The Perfect Human: the importance of loving family


Family is a gift of undiscovered beauty. When God first created man, He spoke words that rebounded into the hearts of humanity: “It is not good for man to be alone.” So God sculpted a woman who existed with the man in spectacular, exhilarating harmony. Together they were the perfect human.

Then children were made, not from another handful of dust, but from them. All of humanity was grown from this system of nearness and dearness and inner-dependence, suggesting that God is enthralled with relationship, with closeness, with mutual delight. And so are we, from the very heartbeat of our human nature. But who loves their family enough? Most of us just don’t understand how precious fathers, mothers, sisters, and brothers are.

I realize that ever since sin happened, family has become a bitter battleground. Fathers forsake us, mothers fail, siblings disappoint. No one wounds us deeper than the ones who know us the best and ought to love us the most. But I feel like this generation is losing so much when we cast aside these family ties. We are wounding ourselves when we take them for granted and struggle to disconnect ourselves from relationship with these people.

The biggest obstacle in the way of loving family deeply is the twisted way we view ourselves. We assume we should be the first in everyone’s priorities. This selfish desperation for recognition has devastating effects on the gifts we’ve been given in life. We have an over-sized self-esteem that expands until it squeezes the gratefulness out of hearts and tramples the gift of relationship underfoot. We view ourselves as more valuable than the small siblings and tired parents, and end up leaving the blessing that they are by the wayside.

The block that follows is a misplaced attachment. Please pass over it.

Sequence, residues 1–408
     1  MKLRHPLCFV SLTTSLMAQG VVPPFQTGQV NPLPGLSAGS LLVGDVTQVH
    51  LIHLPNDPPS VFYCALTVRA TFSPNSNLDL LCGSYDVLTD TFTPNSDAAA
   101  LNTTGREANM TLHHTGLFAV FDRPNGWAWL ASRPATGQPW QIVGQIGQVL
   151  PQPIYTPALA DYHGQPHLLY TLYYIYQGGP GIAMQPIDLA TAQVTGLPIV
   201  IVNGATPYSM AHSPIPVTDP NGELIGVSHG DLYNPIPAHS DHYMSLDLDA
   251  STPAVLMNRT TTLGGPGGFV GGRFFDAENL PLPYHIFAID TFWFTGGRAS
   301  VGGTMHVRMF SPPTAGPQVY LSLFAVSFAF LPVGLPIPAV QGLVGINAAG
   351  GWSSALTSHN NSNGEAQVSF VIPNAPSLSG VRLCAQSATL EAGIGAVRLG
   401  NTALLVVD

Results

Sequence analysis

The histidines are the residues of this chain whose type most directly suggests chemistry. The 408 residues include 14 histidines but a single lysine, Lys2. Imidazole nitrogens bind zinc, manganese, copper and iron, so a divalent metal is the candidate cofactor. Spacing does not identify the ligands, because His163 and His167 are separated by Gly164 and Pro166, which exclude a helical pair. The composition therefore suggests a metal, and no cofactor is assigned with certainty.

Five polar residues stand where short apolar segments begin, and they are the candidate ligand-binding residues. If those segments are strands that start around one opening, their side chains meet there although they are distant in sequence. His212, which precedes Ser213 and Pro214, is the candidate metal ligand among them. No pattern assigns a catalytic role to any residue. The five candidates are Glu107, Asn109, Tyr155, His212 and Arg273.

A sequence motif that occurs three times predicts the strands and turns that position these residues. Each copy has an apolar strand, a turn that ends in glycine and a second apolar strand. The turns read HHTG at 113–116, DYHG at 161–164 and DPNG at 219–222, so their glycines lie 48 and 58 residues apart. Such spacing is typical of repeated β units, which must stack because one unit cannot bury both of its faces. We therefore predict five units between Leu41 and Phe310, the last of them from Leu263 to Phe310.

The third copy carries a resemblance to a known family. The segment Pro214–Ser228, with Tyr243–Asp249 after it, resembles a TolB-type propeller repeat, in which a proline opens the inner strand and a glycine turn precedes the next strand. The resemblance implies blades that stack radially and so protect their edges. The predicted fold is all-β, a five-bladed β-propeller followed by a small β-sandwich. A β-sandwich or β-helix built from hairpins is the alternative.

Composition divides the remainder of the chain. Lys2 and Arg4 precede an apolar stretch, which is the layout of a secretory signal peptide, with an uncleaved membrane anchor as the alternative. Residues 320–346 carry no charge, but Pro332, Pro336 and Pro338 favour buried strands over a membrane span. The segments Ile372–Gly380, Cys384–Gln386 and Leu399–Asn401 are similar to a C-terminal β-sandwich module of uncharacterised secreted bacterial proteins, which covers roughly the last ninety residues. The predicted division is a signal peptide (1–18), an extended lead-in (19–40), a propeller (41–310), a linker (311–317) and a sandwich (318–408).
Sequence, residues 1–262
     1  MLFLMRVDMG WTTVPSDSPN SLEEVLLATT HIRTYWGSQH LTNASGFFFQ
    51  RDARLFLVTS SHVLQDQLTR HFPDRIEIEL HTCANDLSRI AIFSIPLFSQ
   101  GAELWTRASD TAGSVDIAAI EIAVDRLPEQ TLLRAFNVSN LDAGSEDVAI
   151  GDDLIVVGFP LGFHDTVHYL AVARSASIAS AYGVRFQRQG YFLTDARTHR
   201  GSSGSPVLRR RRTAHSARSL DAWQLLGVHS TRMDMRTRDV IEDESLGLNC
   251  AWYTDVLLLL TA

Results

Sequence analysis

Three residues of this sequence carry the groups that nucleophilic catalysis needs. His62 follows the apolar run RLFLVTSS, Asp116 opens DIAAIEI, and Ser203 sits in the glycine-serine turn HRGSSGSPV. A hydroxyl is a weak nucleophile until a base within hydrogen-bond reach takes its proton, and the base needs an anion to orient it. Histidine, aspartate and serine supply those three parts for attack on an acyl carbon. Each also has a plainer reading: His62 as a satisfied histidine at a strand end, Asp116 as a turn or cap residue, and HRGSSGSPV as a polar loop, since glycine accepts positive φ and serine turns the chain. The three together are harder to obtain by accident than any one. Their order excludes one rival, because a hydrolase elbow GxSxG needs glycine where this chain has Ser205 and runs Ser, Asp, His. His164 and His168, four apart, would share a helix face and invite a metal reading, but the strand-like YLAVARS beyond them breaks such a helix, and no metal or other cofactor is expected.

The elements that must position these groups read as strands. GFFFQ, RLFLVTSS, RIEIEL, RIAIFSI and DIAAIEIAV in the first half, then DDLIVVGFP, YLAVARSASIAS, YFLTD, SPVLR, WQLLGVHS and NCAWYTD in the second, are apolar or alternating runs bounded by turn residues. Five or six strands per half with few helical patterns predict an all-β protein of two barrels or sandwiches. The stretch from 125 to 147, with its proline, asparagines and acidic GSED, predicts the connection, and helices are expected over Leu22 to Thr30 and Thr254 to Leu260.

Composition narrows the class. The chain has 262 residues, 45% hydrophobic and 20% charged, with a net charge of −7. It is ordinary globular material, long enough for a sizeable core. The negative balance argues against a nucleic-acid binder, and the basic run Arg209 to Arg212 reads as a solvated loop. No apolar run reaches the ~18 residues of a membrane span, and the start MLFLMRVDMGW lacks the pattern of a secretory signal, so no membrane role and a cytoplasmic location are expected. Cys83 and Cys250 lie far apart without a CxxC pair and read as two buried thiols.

People today have forgotten to look for the value in the people nearest to them. Family is seen, not as a gift, but as something to get away from, as if our family is the only thing that’s holding us back from happiness. An anonymous quote on the inside of a candy wrapper reads, “Go anywhere but home.”

This careless and almost resentful attitude towards parents and siblings causes us to lose the relationships given most specifically and intentionally to complete us. They share life with us: the innocence of childhood, the rollercoaster ride of adolescence, the frightening, beautiful journey into adulthood. They are ours in a way we can hardly claim with anyone else.

If we’ve been given the gift of sharing life with a particular soul (or souls), why waste it in refusing to admit their beauty and significance? Why hide from their love?

Surely everyone, in their heart of hearts, wants a good family relationship. We excuse ourselves by insisting that we would love our parents more if our parents had actually sought our love. We wouldn’t have a problem with our siblings if they didn’t have a problem with us. The lack of love in our family life isn’t what we asked for; it’s just what we were given.
We may not have received perfect or even good relatives, but they were given us for a reason. Everyone has been offered the chance to love the people in their lives. We’ve been called to overcome the hate and tension that broke into relationships when sin entered the world. Faith in the redeeming power of the gospel of Christ compels us to persistently pursue these broken relationships.

Drawing close to the humans in our lives often means being wounded by their words and their unresponsive attitudes. It takes letting our pride lie vulnerable, and cutting our own self-centered agendas down to size.

It means allowing yourself to love them more than they deserve, opening your eyes to the beauty of who God created them to be, and experiencing glimpses of the relationship God had in mind when He put the both of you in the same home and made you share a life together.

Only when we are leaning into each other and pouring love into each other, in complete inner-dependence, are we the closest to being whole.

Together, by the grace of God, we are the perfect human. 78

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